Yanes: Now for the fun stuff. Valiant is making its big comeback this summer. What’s it like to be part of a comic book company that still has so many loyal fans hungry for the Valiant Universe?
Venditti: I’m always trying to challenge myself with new things. I’ve done creator-owned work, and I’ve written established characters, but I’ve never written a story as part of a shared universe. When Warren Simons, Valiant’s Executive Editor, reached out to me and told me about the company’s plans to relaunch their line, I was immediately onboard. It isn’t every day that you get the chance to not only reimagine a character, but shape an entire universe.
Yanes: The title that you will be writing for Valiant is X-O Manowar. How does it feel to be able to write a title that not only has such a strong fanbase, but is also just a cool concept?
Venditti: It’s a lot of fun. The enthusiasm the fans have shown ever since Valiant announced the title has been really positive. It doesn’t hurt when an announcement is accompanied by pages of Roman legions and alien soldiers drawn by Cary Nord.
Yanes: There are two distinct versions of X-O Manowar. The original centered on Aric, a man from the 5th Century who is abducted by aliens and steals the X-O Manowar from these aliens. The other version is from when Acclaim Comics owned the title and the series focused on a modern-day scientist who gains possession of the armor. Are you going to be able to touch upon both versions of the character or just one?
Venditti: We’ll be sticking with the original version. It’s a concept open to so many possibilities, not just in terms of telling epic, action-oriented stories, but also in the extent to which those stories can be layered with themes and subtext. Aric of Dacia is such a great character. He’s what drew me to this project.
Yanes: X-O Manowar was first published in 1992. In the past 20 years, the way people interact with technology has changed tremendously. It has changed so much that many things presented in science fiction in the late 80s and early 90s are now science fact. What are some of the challenges in making an alien piece of technology seem advanced when the average reader has been normalized to futuristic technology?
Venditti: Technology grows at such an exponential rate, and the world is vastly different than it was twenty years ago, but the X-O Manowar armor is far from being something readers would be familiar with. It’s a sentient piece of military hardware with capabilities that Aric will have to discover on his own. And if fans of the original series think they’ve seen everything the armor has to offer, they’d better think again. We have some surprises in store, including one new ability that will be the key to the first year of the series.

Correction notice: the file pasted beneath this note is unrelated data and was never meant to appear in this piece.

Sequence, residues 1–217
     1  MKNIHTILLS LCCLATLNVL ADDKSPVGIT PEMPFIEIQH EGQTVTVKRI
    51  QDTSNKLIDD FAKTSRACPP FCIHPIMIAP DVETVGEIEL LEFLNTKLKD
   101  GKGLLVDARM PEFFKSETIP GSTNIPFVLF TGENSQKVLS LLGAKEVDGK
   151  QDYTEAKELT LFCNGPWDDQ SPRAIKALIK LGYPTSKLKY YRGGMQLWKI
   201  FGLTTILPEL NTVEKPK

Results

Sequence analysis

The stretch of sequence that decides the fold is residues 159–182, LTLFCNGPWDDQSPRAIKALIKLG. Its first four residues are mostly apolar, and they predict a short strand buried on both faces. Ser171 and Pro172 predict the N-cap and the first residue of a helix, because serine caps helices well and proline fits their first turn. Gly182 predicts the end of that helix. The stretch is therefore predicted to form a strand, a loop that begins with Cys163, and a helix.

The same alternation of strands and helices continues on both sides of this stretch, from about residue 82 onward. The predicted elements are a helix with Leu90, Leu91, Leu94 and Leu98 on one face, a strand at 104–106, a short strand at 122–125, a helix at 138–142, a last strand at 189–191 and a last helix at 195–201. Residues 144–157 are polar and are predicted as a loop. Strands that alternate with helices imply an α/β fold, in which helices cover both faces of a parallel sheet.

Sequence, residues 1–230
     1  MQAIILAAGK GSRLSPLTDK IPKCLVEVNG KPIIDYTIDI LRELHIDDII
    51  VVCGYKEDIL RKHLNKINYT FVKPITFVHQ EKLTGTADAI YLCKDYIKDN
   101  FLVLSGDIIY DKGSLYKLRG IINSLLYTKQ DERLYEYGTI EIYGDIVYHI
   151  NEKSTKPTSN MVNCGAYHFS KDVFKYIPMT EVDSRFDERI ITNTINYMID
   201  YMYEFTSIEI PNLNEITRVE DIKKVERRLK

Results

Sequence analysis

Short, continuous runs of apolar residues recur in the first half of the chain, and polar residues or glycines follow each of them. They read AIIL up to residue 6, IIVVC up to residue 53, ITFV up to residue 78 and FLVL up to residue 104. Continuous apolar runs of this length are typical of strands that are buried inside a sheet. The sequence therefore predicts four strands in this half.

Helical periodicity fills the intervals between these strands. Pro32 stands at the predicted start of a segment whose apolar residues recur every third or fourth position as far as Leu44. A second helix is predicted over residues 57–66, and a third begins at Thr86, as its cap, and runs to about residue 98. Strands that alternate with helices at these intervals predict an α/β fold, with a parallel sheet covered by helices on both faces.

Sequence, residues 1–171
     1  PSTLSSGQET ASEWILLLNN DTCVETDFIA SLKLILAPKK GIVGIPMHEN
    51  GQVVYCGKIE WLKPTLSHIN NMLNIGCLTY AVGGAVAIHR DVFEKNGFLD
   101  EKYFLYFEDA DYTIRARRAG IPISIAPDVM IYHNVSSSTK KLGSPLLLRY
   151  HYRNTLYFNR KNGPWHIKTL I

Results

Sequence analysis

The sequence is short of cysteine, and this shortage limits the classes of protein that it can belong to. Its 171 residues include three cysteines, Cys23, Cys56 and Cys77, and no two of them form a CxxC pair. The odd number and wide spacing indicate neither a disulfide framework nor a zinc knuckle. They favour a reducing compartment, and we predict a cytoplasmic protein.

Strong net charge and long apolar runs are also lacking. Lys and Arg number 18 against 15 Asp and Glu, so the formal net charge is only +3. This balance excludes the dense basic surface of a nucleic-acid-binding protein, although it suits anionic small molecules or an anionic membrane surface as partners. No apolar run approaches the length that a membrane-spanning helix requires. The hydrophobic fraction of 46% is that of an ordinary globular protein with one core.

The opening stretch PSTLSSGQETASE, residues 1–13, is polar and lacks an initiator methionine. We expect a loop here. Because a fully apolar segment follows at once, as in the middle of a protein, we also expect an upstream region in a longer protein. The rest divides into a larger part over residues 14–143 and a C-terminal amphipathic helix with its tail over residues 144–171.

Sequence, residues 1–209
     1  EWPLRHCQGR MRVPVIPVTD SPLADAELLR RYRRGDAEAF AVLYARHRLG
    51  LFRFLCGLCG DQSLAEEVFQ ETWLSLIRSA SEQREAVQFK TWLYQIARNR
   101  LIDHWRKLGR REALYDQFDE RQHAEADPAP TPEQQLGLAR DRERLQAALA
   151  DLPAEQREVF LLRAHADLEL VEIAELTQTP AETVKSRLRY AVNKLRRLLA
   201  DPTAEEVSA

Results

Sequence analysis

Yanes: Your book, The Surrogates, was adapted into a movie. And you worked on the graphic novel adaptation of Percy Jackson and the Olympians: The Lighting Thief – a book series that also became a movie franchise. When you sit down to write X-O Manowar, are you solely thinking about a story for the comic book medium, or a narrative that can be adapted into movies and videogames?
Venditti: The adaptation stuff is nice, but it certainly isn’t anything that you can count on. When you consider the enormous volume of stories that are produced every year – comics, novels, screenplays, and so on – the chances of any particular one getting made into a film are pretty remote. When I wrote The Surrogates, I didn’t know if it would get published, much less end up in theatres. And I started The Homeland Directive long before The Surrogates was even optioned.
Seeing an artist turn one of my scripts into finished art is such a thrill. It never gets old. Everything after that is gravy.
Yanes: In addition to plans for X-O Manowar, what are some other projects that you are working on that your fans can look forward to?
Venditti: I’m continuing to adapt the Percy Jackson novels, and The Sea of Monsters and The Titan’s Curse will both be out in 2013. I have two other adaptations I’m writing for Disney/Hyperion – one with Alina Urusov and the other with Nate Powell – but they haven’t been announced yet. This summer, Brett Weldele and I are returning to the world of The Surrogates with The Surrogates: Case Files, a series of self-contained, single-issue stories, each one dealing with a different surrogate-related crime. I have a few new creator-owned projects in the works, too. This year is shaping up to be my busiest year so far, by far. And that’s a good thing.
Remember, you can learn more about Robert Venditti from his homepage here, and you can learn everything you need to know about Valiant Entertainment here. And remember, Venditti loves to tweet, so follow him at @robertvenditti